Way back when movies were still in black and white, before our lives were changed by Perfect Strangers, the program that defined two generations, and when a home entertainment center consisted of a shelf full of books and a few copies of Boy's Life with some of the pages stuck together, there was a certain genre of films. This mostly post-World War II genre of films brimmed with optimism, often a a level that we in our cynical modern times would consider naive.
The most well known film of this period and this curious genre was It's a Wonderful Life, which cemented its place in history by becoming the Christmas movie.
The Bells of St. Mary's, released in 1945, a year before It's a Wonderful Life, shares many of the same themes. There is no suicide effort that leads to revelations about a man's life, but there is a story of financial troubles and an apparent antagonist in the form of a miserly businessman who undergoes certain revelations when he comes face to face with the possibility of his own death.
Those revelations are a little too sudden and unbelievably radical to the point where you think he must have seen Marley's ghost and associates, but he hasn't. A lot of things in this movie, and in that old genre, are a little too over the top in their joyous optimism, and that is why so few of the movies from that genre are remembered fondly today. Some of them just seem really, really silly.
Bing Crosby plays Father O'Malley, a character he first appeared as in the film Going My Way. This film is apparently a 1940s version of a sequel to that film, but this film is far better remembered than its predecessor. Although Bing Crosby is entertaining in an often goofy way as a singing priest, the real key to this movie is the performance of Ingrid Bergman. If you want to see how the performance of one actor can completely change the entire mood of a film, see Ingrid Bergman in this movie.
Bing Crosby's Father O'Malley is consistently upbeat and positively certain of the goodness and value of people, which is wonderful in and of itself. He tends to look worried when their school, St. Mary's, seems certain to close because of financial difficulties and existing in a building that is impossible to bring it up to code. To me, someone who shares much of his attitude about life and people, he just isn't very real and it seems like he would be just fine moving on to somewhere else.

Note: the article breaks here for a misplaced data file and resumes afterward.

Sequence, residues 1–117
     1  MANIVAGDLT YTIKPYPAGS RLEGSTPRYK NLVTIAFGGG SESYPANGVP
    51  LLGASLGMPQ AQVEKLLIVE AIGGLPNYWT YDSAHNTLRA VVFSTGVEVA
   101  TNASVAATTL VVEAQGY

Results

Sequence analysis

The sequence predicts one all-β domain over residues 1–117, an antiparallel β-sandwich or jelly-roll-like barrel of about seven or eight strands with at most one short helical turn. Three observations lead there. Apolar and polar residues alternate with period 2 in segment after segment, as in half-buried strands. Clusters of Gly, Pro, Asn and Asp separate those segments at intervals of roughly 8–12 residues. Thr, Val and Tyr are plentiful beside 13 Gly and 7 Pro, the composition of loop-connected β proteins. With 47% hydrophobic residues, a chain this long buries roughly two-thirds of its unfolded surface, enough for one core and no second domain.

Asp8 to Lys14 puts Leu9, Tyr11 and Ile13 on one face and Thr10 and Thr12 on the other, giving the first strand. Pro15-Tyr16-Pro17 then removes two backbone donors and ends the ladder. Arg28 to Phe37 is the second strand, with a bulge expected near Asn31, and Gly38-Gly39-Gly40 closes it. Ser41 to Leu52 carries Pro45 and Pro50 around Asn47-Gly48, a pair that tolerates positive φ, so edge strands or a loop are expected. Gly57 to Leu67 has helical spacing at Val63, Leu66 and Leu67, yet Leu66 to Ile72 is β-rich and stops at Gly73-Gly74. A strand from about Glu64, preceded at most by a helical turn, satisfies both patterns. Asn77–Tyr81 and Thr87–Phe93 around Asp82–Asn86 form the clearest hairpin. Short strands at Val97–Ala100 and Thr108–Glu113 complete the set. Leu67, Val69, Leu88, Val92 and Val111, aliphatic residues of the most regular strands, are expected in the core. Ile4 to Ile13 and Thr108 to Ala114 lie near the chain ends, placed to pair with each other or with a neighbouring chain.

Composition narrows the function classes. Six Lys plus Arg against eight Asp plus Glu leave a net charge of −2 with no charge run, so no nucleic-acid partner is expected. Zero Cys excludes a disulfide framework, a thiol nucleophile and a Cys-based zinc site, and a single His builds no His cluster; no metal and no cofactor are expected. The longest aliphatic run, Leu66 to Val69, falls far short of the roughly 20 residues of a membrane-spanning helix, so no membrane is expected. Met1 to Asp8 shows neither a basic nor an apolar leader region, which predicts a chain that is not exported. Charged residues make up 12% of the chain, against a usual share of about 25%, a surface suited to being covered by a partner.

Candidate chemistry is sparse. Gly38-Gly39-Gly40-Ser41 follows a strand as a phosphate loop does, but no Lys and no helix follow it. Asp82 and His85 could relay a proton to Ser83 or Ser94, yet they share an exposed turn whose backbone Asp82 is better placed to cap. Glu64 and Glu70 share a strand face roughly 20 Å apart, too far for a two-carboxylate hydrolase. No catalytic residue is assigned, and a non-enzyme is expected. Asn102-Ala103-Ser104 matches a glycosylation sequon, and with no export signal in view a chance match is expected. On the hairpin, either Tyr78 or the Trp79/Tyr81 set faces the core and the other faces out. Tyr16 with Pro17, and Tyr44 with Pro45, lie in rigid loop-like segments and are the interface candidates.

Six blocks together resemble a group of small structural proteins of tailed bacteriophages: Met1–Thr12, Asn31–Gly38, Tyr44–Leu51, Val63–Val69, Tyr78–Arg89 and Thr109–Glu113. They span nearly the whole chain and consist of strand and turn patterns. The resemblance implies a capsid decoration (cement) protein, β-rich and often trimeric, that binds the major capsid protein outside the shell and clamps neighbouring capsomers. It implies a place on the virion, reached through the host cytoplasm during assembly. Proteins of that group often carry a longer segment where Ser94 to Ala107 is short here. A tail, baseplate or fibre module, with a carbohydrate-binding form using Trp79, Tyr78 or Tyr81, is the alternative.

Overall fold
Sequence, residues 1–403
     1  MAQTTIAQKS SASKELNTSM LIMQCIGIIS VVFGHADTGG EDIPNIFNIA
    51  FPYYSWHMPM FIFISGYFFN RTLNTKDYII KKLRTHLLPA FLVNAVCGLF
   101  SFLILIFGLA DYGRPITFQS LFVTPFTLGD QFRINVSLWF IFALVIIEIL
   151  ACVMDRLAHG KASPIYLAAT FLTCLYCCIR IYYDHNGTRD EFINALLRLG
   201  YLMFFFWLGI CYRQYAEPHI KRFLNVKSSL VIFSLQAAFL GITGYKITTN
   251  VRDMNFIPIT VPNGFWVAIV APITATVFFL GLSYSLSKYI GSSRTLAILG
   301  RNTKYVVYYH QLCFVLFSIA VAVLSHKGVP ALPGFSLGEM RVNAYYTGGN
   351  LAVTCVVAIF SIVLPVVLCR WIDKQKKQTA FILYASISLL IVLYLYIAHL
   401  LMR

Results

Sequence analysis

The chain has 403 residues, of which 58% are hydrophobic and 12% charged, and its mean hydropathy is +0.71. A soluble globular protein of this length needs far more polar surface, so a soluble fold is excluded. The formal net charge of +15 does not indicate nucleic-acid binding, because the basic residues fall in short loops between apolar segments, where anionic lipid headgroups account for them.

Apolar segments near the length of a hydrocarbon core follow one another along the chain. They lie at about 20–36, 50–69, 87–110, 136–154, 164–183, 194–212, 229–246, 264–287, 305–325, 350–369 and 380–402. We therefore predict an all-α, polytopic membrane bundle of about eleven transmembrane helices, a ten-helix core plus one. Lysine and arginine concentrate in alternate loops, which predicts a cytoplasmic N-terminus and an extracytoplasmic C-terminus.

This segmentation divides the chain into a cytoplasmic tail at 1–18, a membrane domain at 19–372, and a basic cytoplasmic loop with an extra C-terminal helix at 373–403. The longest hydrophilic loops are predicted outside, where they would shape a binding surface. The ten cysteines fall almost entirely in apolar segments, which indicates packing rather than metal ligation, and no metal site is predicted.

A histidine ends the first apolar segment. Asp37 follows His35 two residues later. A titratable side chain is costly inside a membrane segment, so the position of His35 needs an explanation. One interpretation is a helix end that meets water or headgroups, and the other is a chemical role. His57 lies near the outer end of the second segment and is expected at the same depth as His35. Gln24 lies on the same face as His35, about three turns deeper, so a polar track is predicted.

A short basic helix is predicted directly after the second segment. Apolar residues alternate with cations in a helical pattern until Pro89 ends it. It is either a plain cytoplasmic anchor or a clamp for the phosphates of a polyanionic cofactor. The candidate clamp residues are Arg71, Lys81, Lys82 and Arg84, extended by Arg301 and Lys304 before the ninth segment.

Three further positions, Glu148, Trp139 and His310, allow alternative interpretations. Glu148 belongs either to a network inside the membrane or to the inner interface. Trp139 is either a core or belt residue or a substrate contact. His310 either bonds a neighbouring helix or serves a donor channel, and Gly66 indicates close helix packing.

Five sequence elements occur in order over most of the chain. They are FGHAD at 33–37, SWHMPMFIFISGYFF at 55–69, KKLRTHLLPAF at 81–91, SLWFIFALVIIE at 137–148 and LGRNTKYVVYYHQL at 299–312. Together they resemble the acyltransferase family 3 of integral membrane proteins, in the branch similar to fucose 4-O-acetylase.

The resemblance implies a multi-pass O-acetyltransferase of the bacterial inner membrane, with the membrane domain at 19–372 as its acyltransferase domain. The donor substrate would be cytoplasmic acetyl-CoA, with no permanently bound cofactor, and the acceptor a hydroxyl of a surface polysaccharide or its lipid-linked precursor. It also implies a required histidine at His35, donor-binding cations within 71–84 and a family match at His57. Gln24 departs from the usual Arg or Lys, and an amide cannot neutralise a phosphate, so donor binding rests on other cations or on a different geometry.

Ingrid Bergman's Sister Benedict is not floating on a cloud throughout the movie the way Father O'Malley and many of the other characters seem to be. She has seriously invested herself in this school and its students and she believes in the school and those students.
The difference between the two main characters is punctuated in a debate between them involving the decision to fail a student who has played a key role in the film. Both insist they want what is best for the student, but Father O'Malley wants her to pass because to fail could damage her confidence and self-esteem. Sister Benedict continues to remind him, "But she failed." The outcome of this debate sets up the climactic conclusion of the film, which I will not reveal and so forth.
There is a certain scene in the film in which Ingrid Bergman prays. It is a scene that will make you forget she is Ingrid Bergman and truly believe she is a devout Catholic nun. It is the only scene from the movie I've seen before watching the entire film today. It is shown outside of the film for certain reasons, the key one being that it shows what damned good acting really is.
If you enjoy It's a Wonderful Life and have seen it so many times you can recite it by heart and haven't seen this film, put it on your To Do list immediately.
I must note here that my mother's middle name is Ingrid because her father, my grandfather, had an unhealthy obsession with Ingrid Bergman. My opinion of her has nothing to do with these facts.
Also, the doctor in this film has absolutely zero respect for the whole doctor-patient confidentiality thing.